My current read, which might just make it to my ‘Books to Read Again and Again’ list, is Treasure in Clay: The Autobiography of Fulton J. Sheen. To call it inspiring would be to say the least about it. The former archbishop touches on the very beautiful topic of human frailty and its intersection with the magnificent grace of our Lord. He talks candidly about it in a very personal manner, speaking both like a spiritual director and like a trusted friend.
A few of my favorite quotes in the book include:
“God does not make anything with the purpose of destroying it. There is no waste in life. Childhood is not a waste. It has relationship to the rest of life.”
“That portion of us w/c is tried and tested, w/c is subjected to many trials, is not a waste. The tears, the agonies, the frustrations, the touls are not lost. All of these, w/c seem to militate against life, are worked into new forms.”
“Life may be marred into a broken thing, but God can make it into a thing of beauty.”
As the Conversion of Saint Paul is celebrated today by the Catholic community and today’s homily focused on the mandate given by Jesus to the eleven apostles in today’s Gospel, Treasure in Clay immediately came into my mind. Indulge me as I write down and share a few of my thoughts with you.
Here is a beautiful depiction of Saint Paul’s conversion by the Italian artist Caravaggio.
My good friend, Wikipedia, has this to say about the painting,
“The painting records the moment when Saul of Tarsus, on his way to Damascus to annihilate the Christian community there, is struck blind by a brilliant light and hears the voice of Christ saying, “Saul, Saul, why persecutest thou me?…And they that were with me saw indeed the light, and were afraid, but they heard not the voice…” (Acts 22:6-11). Elsewhere Paul claims to have seen Christ during the vision, and it is on this basis that he grounds his claim be recognised as an Apostle: “Have I not seen Jesus Christ our Lord?” (I Corinthians 9:1).”
Another beautiful depiction of the conversion by Caravaggio, aptly entitled “Conversion on the Way to Damascus”.
“The painting depicts the moment recounted in Chapter 9 of Acts of the Apostles when Saul, soon to be the apostle Paul, fell on the road to Damascus. He heard the Lord say “I am Jesus, whom you persecute, arise and go into the city” (see Conversion of Paul).
How often have we heard that each one of us is called to holiness? And how often have we dismissed it with a “Nope, not me, I’m too sinful to even come close to H in holy” statement? Oh my friend, many of us have said and done so for we are all jars of clay – ordinary, common and easily broken. Our feet of clay cause us to fall and stumble repeatedly many times. Terribly unflattering yet humbling at the same time, don’t you think so?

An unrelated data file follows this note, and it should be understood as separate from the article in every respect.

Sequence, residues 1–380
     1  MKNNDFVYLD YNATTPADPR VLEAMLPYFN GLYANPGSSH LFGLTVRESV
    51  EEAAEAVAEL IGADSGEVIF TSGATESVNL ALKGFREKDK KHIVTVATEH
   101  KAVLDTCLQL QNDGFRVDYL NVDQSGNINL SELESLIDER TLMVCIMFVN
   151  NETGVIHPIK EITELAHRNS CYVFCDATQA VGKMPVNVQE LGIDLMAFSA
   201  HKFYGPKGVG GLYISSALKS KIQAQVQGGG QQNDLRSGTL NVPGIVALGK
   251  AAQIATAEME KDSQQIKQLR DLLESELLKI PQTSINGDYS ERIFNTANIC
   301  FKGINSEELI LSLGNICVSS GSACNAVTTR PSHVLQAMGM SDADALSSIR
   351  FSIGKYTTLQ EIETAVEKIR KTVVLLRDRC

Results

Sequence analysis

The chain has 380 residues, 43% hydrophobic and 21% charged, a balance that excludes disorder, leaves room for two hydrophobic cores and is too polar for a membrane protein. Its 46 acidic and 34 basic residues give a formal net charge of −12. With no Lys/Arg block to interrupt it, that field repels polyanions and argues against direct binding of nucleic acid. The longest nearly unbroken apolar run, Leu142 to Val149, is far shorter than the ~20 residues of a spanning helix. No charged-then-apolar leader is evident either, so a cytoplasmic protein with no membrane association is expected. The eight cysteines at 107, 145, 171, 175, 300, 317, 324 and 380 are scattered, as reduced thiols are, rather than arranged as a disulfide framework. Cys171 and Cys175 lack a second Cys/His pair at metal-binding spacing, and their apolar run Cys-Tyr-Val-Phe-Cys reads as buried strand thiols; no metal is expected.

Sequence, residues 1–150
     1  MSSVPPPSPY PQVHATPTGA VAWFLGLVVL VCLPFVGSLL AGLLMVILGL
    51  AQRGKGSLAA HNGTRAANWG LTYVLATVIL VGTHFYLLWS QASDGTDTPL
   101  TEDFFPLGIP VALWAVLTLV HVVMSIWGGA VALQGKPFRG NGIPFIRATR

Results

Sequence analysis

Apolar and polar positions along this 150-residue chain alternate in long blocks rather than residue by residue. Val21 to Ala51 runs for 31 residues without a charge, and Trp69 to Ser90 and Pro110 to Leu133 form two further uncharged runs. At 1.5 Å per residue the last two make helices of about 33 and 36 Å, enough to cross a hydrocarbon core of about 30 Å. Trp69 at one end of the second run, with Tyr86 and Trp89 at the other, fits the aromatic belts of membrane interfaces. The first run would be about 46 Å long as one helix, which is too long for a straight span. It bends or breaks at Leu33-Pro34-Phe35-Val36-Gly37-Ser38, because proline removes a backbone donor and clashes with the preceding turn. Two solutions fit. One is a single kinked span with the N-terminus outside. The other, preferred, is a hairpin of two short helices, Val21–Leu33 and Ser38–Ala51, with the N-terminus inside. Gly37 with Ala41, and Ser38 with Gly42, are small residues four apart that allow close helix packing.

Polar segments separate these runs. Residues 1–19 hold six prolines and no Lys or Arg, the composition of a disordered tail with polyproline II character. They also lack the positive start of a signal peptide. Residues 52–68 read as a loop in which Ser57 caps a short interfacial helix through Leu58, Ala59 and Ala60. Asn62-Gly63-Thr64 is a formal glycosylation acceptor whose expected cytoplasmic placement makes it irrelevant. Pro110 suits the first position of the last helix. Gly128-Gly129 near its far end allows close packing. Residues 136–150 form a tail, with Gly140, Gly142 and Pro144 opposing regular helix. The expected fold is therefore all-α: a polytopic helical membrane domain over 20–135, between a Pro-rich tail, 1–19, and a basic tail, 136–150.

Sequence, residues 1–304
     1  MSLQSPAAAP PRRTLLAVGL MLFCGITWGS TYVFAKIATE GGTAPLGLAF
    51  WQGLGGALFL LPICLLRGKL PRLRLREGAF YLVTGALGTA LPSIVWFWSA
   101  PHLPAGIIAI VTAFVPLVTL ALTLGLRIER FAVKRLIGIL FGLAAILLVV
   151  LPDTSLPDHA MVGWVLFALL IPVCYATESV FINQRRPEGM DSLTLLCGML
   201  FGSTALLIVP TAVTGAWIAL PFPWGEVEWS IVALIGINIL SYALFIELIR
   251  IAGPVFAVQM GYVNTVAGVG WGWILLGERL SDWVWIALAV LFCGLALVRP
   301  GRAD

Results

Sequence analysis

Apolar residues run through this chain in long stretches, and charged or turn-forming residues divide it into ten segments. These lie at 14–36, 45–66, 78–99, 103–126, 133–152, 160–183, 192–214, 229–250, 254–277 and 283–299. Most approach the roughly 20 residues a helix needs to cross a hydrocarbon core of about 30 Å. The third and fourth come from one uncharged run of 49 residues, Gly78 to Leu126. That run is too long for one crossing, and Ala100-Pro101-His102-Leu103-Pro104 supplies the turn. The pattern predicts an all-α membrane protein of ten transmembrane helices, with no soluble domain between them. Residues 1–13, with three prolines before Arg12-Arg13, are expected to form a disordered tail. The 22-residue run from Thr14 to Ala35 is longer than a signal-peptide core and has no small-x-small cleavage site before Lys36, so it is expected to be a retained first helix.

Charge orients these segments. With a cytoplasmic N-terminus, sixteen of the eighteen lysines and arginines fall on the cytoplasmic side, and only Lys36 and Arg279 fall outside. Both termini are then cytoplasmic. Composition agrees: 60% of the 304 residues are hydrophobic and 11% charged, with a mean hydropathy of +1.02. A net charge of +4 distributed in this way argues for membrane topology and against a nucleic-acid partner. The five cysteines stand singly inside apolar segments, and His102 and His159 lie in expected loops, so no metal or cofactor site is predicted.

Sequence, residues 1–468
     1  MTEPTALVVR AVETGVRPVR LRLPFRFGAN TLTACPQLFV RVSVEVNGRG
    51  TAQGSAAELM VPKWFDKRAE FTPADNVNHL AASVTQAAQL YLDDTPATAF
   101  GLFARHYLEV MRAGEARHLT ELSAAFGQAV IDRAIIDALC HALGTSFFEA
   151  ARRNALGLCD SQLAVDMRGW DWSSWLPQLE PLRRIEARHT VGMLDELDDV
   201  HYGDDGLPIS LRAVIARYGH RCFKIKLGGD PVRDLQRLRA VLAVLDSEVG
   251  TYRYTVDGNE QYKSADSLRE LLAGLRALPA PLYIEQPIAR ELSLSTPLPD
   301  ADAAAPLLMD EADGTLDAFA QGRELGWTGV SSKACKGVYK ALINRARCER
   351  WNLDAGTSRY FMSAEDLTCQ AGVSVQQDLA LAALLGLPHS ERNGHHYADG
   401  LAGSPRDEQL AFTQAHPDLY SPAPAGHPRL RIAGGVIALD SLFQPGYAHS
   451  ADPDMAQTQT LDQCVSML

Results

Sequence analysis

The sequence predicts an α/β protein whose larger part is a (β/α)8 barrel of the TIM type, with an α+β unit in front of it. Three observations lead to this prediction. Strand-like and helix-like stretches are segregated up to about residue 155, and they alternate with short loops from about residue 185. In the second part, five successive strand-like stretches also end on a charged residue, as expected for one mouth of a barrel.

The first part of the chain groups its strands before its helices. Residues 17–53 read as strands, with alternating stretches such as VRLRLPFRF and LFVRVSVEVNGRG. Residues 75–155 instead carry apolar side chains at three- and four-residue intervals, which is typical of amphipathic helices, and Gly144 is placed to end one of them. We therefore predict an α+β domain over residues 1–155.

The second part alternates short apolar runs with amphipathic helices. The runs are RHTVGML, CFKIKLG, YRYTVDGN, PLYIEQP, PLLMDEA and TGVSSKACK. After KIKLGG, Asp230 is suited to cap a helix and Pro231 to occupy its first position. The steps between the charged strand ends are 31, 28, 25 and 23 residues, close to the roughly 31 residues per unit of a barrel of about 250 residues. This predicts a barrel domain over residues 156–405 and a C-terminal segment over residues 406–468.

The good news is that the Lord tells Paul, as recorded in 2 Corinthians, “Paul, my grace is sufficient for you; my power is made perfect in weakness.” Our weaknesses and failures are not reasons to abandon our love for our Lord. In my personal experience, it should push us to cling even more to Him – allow his mercy to touch our sinful hearts and his love to mend our broken spirits so that his grace is made perfect in our weaknesses.
Archbishop Sheen writes in Treasure of Clay that the Lord chooses the “weak instruments in order that His power might be manifested; otherwise it would seem that the good was done by the clay, rather than by the Spirit“.
I treat every day that I have the opportunity to wake up from my sleep as a call for conversion, another chance to kick bad habits and replace it with good ones. Some days I make it, some days I barely make it through and other days I completely fail. However the day turns out, I know that I will end it by kneeling in front of the Father – apologizing for falling yet again, thanking for the day’s blessings regardless of the things I did and did not do for the day, and begging for the grace necessary.
Yes, you read that right, my friend. Beg for the grace, amigo, for you never do anything alone by your own strength. Everything is through and for Him.
It’s easy to get discouraged especially when you think you’ve been making good progress and then you stub your toe and stumble or fall. But you have to remember that every moment of our life is an opportunity for conversion. If you fall, be honest and admit your mistake. Then get back up on your feet and start over again. Our Lord’s grace will pull you back up and sustain you.
Holiness is not just about following the Commandments to a T. Holiness also includes our struggle to do our Lord’s will and to please Him just because we love Him.
We are jars of clay on our own but there is a treasure within us and that is Christ. When we allow our Lord to take hold of all of us then the jar of clay is transformed into a vessel of grace.
“We now have this light shining in our hearts, but we ourselves are like fragile clay jars containing this great treasure. This makes it clear that our great power is from God, not from ourselves.” – 2 Corinthians 4:7